Often seen as the bad guys – simply because they currently supply the most popular means of personal transport and charge a lot for it – motor vehicle manufacturers are always looking at ways to make money and more profit, be it developing new models or new equipment. The trouble is in these fast changing times, that as soon as one set of standards are agreed all round, those in authority will come up with new ones forcing change and more expense.
20 years back, the Government started its “dash for diesel” push to convert petrol motorists to diesel motorists. Over the next 15 years the number of diesel cars on the road quadrupled. Then all of a sudden, diesel was bad news and the next big thing was electricity. Three years ago the Government of the day said it would end the sale of new petrol and diesel cars and vans by 2040. The trouble was this was done with little ‘consultation’ with the manufacturers – all in the name of cleaning up the air in towns and cities.
Since then, various agencies and regional ‘governments’ have been calling for such restrictions to be brought in sooner – 2035, 2030, who knows? It may make good headlines for the wider populace but it creates headaches for everyone else. At the present time the current nationwide infrastructure to support a wholesale switch to electricity is not yet in place, and nowhere near it despite what we are being told by those we are paying to tell us!
Manufacturers are hard pushed to keep up with changing promises made by others, so it’s no wonder the cost of electric cars are so expensive. Just think of the investment that manufacturers have to make to produce cars which are safe, reliable, cheap to run and ‘carbon neutral’ (the new mantra) to manufacture.
Of course, manufacturers are not entirely blameless either, remember ‘dieselgate’?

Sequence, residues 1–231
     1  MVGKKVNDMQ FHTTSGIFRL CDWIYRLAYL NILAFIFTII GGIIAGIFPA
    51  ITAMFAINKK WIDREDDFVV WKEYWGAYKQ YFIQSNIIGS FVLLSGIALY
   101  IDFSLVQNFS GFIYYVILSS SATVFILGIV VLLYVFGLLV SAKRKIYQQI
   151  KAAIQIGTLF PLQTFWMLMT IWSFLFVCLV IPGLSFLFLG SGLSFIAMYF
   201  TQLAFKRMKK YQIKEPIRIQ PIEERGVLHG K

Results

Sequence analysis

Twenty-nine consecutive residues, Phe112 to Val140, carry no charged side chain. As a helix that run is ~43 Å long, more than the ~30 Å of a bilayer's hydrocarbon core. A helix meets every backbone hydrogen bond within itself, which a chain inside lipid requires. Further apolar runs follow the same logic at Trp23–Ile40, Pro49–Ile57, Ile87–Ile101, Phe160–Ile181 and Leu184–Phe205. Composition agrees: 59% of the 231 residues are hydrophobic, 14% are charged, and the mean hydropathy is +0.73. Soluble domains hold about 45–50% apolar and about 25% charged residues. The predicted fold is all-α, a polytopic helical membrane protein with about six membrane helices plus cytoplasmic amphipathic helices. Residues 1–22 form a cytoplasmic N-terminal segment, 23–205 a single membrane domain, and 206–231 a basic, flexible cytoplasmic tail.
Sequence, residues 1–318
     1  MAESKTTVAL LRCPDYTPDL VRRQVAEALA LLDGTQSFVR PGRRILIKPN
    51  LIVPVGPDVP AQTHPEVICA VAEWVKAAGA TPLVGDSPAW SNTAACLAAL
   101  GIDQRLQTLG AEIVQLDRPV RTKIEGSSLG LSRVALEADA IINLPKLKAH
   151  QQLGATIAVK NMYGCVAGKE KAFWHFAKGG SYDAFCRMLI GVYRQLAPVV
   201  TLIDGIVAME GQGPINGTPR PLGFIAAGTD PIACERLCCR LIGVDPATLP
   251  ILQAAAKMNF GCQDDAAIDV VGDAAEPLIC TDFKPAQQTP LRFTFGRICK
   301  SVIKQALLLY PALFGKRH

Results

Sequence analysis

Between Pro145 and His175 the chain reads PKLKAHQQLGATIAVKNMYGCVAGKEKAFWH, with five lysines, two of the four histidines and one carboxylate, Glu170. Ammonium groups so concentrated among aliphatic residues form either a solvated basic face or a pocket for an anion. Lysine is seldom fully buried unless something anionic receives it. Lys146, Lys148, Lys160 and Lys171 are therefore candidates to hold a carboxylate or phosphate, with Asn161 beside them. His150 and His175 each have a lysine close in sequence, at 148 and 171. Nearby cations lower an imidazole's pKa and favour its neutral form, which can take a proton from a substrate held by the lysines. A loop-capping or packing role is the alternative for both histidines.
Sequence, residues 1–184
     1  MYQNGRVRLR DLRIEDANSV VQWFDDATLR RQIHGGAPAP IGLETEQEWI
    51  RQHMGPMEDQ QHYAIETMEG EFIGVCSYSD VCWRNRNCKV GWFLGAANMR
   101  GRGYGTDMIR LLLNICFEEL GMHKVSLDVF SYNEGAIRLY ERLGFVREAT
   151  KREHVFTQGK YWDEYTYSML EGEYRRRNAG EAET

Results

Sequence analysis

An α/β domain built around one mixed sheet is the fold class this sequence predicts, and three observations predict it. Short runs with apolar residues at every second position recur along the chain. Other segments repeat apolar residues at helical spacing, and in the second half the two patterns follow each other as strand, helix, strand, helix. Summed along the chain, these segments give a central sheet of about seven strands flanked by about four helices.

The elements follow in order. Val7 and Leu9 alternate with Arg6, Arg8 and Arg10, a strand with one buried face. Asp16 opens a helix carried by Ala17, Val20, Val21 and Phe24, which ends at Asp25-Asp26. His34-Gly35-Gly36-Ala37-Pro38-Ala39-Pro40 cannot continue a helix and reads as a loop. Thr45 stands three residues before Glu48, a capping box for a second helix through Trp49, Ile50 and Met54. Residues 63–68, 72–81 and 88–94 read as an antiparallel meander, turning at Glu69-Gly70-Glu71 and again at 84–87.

Anyway, in their push to find new sources of income, some present day manufacturers are looking at their ‘back catalogue’. Where once obsolescence was built-in ensuring that car users were ‘persuaded’ to buy new cars every 7 years, otherwise they would be left with a pile of rust on their driveway or a puddle of oil, now there are attempts to maintain and restore past cherished items.
Peugeot’s news about re-manufacturing parts for its 205 GTI has just been followed by a similar announcement from Mazda. The success of the Peugeot 205 Rally Challenge in the UK decimated the scrappies, or recycling centres, by those in the search for usable shells, axles, gearboxes and engines whilst the rise of classic car collectors has produced a growing demand for such parts. Peugeot has responded to that demand by offering the services of their own in-house restoration business for current owners whilst manufacturing ‘out of production’ parts for sale to existing DIY owners. And they’ve promised the 205 is merely the first to get this treatment with more parts for more cherished ‘classic’ cars to come.
Similarly, Mazda are producing parts in Japan for the Mk1 MX-5 including original hoods and interior trim as well as mechanical components and smaller bolts and washers. Just over 20,000 Mk 1s were imported into the UK originally and there are still many of them around, much revered and used by enthusiasts. Only last year I was unexpectedly swamped by a ‘Classic Tour’ of over 30 Mazda MX-5 owners in the Scottish Borders as they sped past in their bobble-hatted and toorie bunnet fashions.
Meanwhile British Motor Heritage continues to do their bit for British classic saloon and sports car enthusiasts eager to keep their cherished motors running and on the road.
Taking that a stage further are the manufacturers and specialised engineering companies which are re-manufacturing ‘continuation’ models and selling them off to the obscenely rich and privileged. Think Jaguar with their £1m+ D Types and E Types and Aston Martin with its ‘brand new’ DB6. Even the fabled Vanwall name is getting in on the act. The current Vanwall Group are planning to build half a dozen ‘continuation cars’ to commemorate the brand which claimed the world’s first F1 Constructors Championship Trophy way back in 1958. A snip at £1.65m – plus VAT!
Crikey, there’s even a new company on the go re-manufacturing the Mini Moke. For those of you of a certain age, think golf buggy with a proper engine and road wheels! Admittedly they don’t expect to sell many in Britain but some folk in the Caribbean appear to be keen! And how about a brand new (from the chassis up) MGB? Authentic in every detail until you look under the bonnet – powered by electricity.
Anyway, regardless of these ‘brand new clones’ surely the idea of keeping older cars going (at the expense of replacing them with something minted afresh) would appease some of the less ardent green environmilitia and keep us aulder gits smiling as we polish our treasured Minis and Mazdas, MGs and Healeys, Chevettes and Escort Mk1s and 2s, not to mention Rovers, Triumphs, Rileys, Wolseleys and other classics at weekends.
Now where did I put the phone number of that awfy nice chap from the PPI reclaim specialists?